JERUSALEM -- When Paul Manor was summoned over the weekend for Israeli reservist duty, he didn't bother waking his 7-year-old son and just rushed out the door -- willing to serve in Israel's largest mobilization in two decades.
Public support is strong for the call-up of 20,000 soldiers following a bloody string of Palestinian bombing attacks, but rare signs of unease were emerging as some worried the campaign's plans were dangerously fuzzy.
"I want to know exactly what is the scope, how far we're going, for how long," Israeli Foreign Minister Shimon Peres told Israel Army Radio. He abstained from a vote last week when the military plans were presented to the Cabinet.
The last time so many reserves were mobilized was in 1982 when Israel invaded Lebanon, a move that led to an 18-year military entanglement in Lebanon. The defense minister who masterminded that campaign is now the prime minister behind the latest one: Ariel Sharon.
His government was meeting to approve the next stage in the military offensive that began Friday with an invasion of the West Bank city of Ramallah and the encirclement of Arafat's offices.
Despite some concerns, many Israelis support the mobilization, which comes after a month of Palestinian attacks that have killed more than 100 Israelis, including 22 diners at a traditional Passover meal on Wednesday night.
After the weekend draft calls went out, thousands of reservists showed up at meeting points across the country, hugging their loved ones before piling into buses that whisked them away to army bases.
Manor got his orders at midnight Friday. Without saying goodbye to his sleeping son, the 41-year-old man who served in Lebanon packed his bags and kissed his wife and crying daughter.
"I'm missing his birthday today," Manor said from his base Sunday.
Manor said there was a high turnout of soldiers in his company and that motivation was high among the troops and at home. "My wife was very supportive," he said. "We all know what the situation is. She took it better than me."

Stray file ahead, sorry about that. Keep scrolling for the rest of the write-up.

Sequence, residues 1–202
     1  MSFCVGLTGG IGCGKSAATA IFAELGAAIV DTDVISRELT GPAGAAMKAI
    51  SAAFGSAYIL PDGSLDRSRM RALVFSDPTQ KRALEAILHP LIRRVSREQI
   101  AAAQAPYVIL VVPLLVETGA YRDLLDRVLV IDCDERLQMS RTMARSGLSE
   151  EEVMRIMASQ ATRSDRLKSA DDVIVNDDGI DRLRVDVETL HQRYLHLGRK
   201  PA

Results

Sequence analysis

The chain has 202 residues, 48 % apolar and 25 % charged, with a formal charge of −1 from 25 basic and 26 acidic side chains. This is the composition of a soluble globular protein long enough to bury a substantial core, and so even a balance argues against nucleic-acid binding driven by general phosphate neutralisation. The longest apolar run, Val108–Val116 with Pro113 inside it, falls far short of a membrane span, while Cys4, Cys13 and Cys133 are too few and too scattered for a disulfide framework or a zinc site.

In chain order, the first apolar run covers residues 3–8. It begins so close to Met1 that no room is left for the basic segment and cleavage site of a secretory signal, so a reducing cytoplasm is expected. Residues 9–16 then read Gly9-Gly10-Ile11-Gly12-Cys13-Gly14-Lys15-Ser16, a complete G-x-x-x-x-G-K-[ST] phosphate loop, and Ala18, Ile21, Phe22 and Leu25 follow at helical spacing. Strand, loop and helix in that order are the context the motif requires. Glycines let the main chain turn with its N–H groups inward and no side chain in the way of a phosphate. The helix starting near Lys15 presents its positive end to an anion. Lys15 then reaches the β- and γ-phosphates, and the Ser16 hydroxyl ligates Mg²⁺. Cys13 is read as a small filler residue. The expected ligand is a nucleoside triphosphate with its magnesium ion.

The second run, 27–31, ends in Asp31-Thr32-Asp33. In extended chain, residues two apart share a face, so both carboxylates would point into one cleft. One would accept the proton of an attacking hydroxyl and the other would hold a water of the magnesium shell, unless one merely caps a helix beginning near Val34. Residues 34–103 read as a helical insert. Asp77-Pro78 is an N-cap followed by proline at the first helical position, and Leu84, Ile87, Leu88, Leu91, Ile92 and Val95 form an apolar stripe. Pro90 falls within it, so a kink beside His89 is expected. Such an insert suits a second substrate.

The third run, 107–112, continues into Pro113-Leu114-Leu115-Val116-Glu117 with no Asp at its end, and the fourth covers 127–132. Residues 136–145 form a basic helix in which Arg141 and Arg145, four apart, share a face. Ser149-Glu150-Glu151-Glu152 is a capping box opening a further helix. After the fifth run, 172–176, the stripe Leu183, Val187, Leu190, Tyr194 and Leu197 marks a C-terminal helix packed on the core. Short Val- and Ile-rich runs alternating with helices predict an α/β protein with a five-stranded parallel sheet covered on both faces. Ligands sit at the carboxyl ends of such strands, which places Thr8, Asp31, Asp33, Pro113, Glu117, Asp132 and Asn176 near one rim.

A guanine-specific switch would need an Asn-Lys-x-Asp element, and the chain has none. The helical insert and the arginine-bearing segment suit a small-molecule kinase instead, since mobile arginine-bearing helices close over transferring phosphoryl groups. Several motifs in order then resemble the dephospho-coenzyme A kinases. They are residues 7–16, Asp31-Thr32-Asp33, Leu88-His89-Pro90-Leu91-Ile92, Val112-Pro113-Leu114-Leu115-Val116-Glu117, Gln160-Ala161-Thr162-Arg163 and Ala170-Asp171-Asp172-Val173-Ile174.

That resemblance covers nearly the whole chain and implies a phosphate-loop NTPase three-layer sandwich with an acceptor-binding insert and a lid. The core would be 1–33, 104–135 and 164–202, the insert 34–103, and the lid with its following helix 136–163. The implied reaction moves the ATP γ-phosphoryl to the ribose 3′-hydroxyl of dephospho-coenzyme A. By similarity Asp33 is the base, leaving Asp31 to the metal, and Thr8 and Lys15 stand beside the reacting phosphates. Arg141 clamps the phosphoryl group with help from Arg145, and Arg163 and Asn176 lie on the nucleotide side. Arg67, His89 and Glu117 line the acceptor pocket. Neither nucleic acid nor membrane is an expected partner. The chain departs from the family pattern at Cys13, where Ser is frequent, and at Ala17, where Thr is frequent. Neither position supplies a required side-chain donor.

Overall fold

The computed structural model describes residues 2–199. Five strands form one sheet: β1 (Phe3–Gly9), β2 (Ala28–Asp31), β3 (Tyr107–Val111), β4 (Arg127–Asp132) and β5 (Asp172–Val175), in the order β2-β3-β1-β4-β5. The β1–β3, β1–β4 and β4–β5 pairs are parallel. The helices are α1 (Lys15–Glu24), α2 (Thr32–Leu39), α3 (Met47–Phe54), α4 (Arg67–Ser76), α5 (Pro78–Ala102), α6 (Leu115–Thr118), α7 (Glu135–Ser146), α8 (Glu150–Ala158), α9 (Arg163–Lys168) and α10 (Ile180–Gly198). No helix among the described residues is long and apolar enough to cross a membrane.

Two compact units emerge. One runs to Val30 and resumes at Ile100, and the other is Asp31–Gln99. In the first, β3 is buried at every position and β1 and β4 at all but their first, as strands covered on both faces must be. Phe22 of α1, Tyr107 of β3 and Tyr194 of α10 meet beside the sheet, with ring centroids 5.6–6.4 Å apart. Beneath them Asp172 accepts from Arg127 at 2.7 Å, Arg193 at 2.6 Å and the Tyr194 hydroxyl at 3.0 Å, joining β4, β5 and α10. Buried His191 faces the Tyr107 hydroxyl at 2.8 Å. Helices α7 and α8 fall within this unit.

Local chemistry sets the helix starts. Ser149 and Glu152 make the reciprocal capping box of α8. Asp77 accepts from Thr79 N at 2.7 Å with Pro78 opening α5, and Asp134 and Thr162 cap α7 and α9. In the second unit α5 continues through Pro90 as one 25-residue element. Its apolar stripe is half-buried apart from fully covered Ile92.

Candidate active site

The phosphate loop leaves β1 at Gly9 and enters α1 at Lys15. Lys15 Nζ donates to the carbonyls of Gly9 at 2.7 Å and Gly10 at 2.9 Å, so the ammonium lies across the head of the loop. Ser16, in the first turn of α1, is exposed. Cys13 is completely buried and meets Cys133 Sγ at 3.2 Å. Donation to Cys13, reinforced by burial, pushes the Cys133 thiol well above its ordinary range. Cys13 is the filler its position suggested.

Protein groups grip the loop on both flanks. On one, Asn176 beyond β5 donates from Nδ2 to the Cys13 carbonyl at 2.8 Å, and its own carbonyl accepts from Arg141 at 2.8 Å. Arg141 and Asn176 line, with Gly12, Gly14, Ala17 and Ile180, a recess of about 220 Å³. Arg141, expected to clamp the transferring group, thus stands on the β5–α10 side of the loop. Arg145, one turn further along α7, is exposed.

A reservist identified by only his first name, Uri, was quoted by the Maariv daily newspaper as saying soldiers agree with the move.
"There is a feeling of unity, of defending the homeland. We are all participating in the fighting. No one is complaining," he was quoted as saying.
The call-up was expected to cost the Israeli economy more than $100 million a month, the Haaretz daily estimated. But the cost of the operation would be offset by a subsequent economic boost if it led to greater security, the paper quoted Treasury director-general Ohad Marani as saying.
But one barometer of the public's mood -- shares on the Tel Aviv Stock Exchange -- plunged 5 percent Sunday amid uncertainty about whether the offensive will be successful.
Amit Mashiach, a spokesman for reservists refusing to serve in the West Bank or Gaza Strip, said 20 reservists had contacted the group following the mobilization decision. Three members of the group were jailed Sunday for ignoring call-up notices, he said.
"We don't know what its goals are," he said. "It's another step by an irresponsible government."
Haaretz expressed a similar concern in a front-page commentary on Sunday.
"Sharon's actions frequently have been characterized by the fact that he always knows how to begin, yet does not know how to end," the article said.